22 JUN 2011
Major UK banks have dramatically reduced the amount of unsecured lending they can provide to eurozone banks. With fears of Greece defaulting on its obligations, Britain is seeking for safer bills to deal with eurozone countries.
The UK banks of Barclays and Standard Chartered, have cut their exposure to the eurozone, withdrawing billions of pounds from the inter-bank lending market in recent weeks, reports The Telegraph.
British banks have a relatively small exposure to Greek debt, UK treasury minister Mark Hoban said on Monday addressing the British Parliament. While British banks have $4 billion in exposure to Greek sovereign debt, it is up to $16 billion for France and $20 billion for Germany, as estimated by Dow Jones.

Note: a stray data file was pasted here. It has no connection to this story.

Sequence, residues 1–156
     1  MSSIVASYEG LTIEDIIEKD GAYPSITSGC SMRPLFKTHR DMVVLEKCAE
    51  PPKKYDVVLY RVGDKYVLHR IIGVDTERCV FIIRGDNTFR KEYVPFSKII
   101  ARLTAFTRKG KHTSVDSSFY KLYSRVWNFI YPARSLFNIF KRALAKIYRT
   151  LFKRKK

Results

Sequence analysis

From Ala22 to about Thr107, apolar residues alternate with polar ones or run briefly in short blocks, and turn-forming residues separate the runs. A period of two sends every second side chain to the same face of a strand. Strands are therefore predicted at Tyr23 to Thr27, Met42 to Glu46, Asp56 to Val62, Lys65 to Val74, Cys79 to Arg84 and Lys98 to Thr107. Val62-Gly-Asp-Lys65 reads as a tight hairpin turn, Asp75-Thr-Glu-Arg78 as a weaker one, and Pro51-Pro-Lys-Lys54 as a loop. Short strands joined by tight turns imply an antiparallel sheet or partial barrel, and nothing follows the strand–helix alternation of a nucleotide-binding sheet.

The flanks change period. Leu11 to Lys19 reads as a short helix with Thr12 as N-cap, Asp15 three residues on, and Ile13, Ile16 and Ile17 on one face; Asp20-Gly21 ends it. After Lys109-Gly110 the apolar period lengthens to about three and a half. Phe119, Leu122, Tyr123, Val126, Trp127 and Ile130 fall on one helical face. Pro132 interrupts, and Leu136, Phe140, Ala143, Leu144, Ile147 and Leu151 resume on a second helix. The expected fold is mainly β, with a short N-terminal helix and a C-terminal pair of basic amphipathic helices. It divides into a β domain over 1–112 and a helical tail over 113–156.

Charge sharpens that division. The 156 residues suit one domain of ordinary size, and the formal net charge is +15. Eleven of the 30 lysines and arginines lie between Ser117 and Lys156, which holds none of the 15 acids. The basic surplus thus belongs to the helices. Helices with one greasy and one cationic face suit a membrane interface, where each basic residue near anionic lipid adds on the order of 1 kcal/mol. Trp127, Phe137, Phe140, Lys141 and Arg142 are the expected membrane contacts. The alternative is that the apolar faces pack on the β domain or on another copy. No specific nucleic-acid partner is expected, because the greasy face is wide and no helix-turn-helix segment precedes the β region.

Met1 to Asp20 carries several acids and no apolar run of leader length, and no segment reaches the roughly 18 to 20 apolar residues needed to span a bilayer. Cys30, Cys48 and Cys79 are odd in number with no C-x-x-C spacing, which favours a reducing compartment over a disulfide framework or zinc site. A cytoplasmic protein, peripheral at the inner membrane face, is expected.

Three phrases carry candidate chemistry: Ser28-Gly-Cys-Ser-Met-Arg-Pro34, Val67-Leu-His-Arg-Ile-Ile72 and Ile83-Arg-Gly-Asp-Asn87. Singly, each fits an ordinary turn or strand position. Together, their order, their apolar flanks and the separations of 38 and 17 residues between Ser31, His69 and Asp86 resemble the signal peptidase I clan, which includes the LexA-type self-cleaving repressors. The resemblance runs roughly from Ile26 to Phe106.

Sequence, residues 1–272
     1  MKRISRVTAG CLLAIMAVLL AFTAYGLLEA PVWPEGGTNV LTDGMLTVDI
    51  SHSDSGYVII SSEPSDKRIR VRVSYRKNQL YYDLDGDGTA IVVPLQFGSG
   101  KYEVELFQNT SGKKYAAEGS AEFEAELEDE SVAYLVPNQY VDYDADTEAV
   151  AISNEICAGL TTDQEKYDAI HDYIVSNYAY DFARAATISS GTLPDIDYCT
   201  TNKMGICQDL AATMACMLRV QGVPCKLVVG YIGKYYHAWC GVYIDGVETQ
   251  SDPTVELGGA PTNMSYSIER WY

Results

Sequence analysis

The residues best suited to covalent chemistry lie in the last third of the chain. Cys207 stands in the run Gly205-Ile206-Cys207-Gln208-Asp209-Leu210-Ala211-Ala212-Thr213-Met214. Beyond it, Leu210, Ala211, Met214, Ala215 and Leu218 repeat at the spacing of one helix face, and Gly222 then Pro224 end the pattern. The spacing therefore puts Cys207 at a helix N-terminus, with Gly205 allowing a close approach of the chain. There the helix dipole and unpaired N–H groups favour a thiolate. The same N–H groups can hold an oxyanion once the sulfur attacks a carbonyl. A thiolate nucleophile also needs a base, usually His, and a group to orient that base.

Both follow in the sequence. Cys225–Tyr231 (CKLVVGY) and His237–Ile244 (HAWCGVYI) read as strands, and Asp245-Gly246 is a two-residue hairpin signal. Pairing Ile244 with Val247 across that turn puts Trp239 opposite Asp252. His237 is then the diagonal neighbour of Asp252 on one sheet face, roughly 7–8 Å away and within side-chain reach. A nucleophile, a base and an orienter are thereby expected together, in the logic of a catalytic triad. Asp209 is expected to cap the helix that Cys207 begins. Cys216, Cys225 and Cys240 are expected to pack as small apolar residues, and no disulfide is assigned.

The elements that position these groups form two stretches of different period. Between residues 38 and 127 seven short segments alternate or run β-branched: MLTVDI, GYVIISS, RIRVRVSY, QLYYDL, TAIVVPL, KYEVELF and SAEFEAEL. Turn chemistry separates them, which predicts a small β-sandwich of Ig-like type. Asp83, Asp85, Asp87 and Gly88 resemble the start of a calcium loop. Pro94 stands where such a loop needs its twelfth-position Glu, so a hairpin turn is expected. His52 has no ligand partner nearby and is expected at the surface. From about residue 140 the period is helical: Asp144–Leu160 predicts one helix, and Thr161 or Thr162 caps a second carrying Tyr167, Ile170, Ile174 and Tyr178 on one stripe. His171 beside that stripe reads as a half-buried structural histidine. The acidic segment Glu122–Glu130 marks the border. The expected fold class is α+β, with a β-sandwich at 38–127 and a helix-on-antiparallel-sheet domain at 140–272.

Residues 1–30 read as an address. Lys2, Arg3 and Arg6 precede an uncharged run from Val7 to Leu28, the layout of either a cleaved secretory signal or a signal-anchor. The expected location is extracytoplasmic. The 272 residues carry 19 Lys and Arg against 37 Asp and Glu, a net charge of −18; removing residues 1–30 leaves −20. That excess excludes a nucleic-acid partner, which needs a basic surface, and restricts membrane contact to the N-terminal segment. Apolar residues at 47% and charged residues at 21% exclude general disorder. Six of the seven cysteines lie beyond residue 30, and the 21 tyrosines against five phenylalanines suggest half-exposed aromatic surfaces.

Member of the European Parliament William Dartmouth from the UK Independence Party says there must be a distinction between the EU and the eurozone, which “was always a project driven by politics, not by economics.”
EU officials have got not just cold, but frozen, feet about bailing Greece out, because however small an economy it is, the bailout plan means spending €70 billion, with more probably to come in the next 12 months – and taxpayers from northern Europe, Germany and Finland in particular, do not like it at all.
“The terms of trade and economic logic are that Greece would default,” predicts William Dartmouth. “The markets are signaling default for Greece.”
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